Accessible maps of the Brisbane Museum District

While at the 2019 Round Table Conference in Brisbane, a group of attendees (touch readers, family members and accessible format producers) took a short excursion to explore the accessible maps of the museum district in South Bank.

We found several wall-mounted print/braille maps along with a large table-top model, located on the Grey street side of the State Library. It was wonderful to experience these inclusive accessibility measures in public spaces.
3 photographs: walking with dog and cane; clear print and tactile map; large 3D model of buildings and roads

Do you know of any similar maps or models in your area? Please let us know!

Workshop – Accessible Interactive Story Book Pages at MPavilion

MPavilion is an annual architectural commission in Melbourne’s Queen Victoria Gardens, opposite the Arts Centre. As part of their STEM series, we were excited to be invited to run a free public workshop on using eTextiles to create interactive accessible story books pages. Creating Tactile Stories was presented by Leona Holloway, Kirsten Ellis from Monash University and Louise Curtin from Feelix Children’s Library.

People sewing in MPavilion 2018, an open-air wooden architectural space.

In celebration of Braille Literacy Month, we talked about the importance of early, engaging tactile experiences as the first step towards (tactile) literacy for blind children. We then learned how to use eTextiles to sew a simple circuit with lights or buzzers, which we embedded in our handcrafted tactile story book page. We were delighted to see so many beautiful, creative and ingenious designs.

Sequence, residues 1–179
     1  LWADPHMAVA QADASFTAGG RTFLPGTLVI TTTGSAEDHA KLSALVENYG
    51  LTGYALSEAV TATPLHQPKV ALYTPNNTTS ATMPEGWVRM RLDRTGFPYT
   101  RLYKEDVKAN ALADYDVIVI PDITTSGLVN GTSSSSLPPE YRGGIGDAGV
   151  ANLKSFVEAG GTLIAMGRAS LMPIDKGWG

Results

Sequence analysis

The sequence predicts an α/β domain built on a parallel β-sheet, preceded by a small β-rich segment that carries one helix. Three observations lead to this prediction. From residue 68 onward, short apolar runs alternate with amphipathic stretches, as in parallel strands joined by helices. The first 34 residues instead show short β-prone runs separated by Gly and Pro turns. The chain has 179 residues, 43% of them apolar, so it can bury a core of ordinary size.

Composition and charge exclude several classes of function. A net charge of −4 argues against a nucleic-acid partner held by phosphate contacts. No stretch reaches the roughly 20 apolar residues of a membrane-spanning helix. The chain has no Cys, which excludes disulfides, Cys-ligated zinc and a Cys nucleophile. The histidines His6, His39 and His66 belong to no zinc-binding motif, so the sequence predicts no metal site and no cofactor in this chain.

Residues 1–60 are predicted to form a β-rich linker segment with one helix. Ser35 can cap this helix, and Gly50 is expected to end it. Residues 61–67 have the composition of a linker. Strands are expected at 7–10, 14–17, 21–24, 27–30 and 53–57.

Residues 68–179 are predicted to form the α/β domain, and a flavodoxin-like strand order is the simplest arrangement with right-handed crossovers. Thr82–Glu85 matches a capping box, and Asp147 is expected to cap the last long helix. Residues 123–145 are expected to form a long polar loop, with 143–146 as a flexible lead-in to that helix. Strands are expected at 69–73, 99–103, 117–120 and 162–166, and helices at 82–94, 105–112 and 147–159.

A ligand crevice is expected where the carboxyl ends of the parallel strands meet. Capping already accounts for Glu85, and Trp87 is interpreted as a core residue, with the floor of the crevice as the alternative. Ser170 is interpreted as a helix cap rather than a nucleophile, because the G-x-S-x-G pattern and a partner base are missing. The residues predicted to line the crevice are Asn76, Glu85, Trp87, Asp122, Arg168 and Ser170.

Some simple instructions on how to make your own eTextiles at home are given on the SensiLab website at sensilab.monash.edu/news-events/creating-tactile-stories/. Watch this space for more tips and resources to come.

Workshop participants touching a page depicting a furry blue cat with googly eyes.
This tactile cat purrs (vibrates) when its tail is patted.

Bendigo Art Gallery accessible tour and web pages

In the next phase of our project with Bendigo Art Gallery, we had the pleasure of exploring ideas for accessible art with the Gallery and vision impaired communities.

laser cut representation of "I ate the rainbow up ..." with separate layers of acrylic to represent the background, figures, faces and handsIn a day-long workshop, gallery staff, artists and community members came together to talk about why accessible art is important, who it impacts, and the best ways to make it happen.

At a special tour, vision impaired visitors were treated to a guided tour featuring four artworks in Bendigo Art Gallery’s permanent collection. Alongside vivid audio description of the artworks, visitors were able to touch the sculptures and an old frame, take the role of a character from a painting with representative props, and explore

Accessible trial web pages were also produced to enable more independent exploration of a range of paintings and sculptures. Each page included a visual description of the artwork, information about the artwork, enlarged and high contrast images, and a soundscape related to the subject matter or period.

Watch this space for announcements regarding publications reporting our research findings.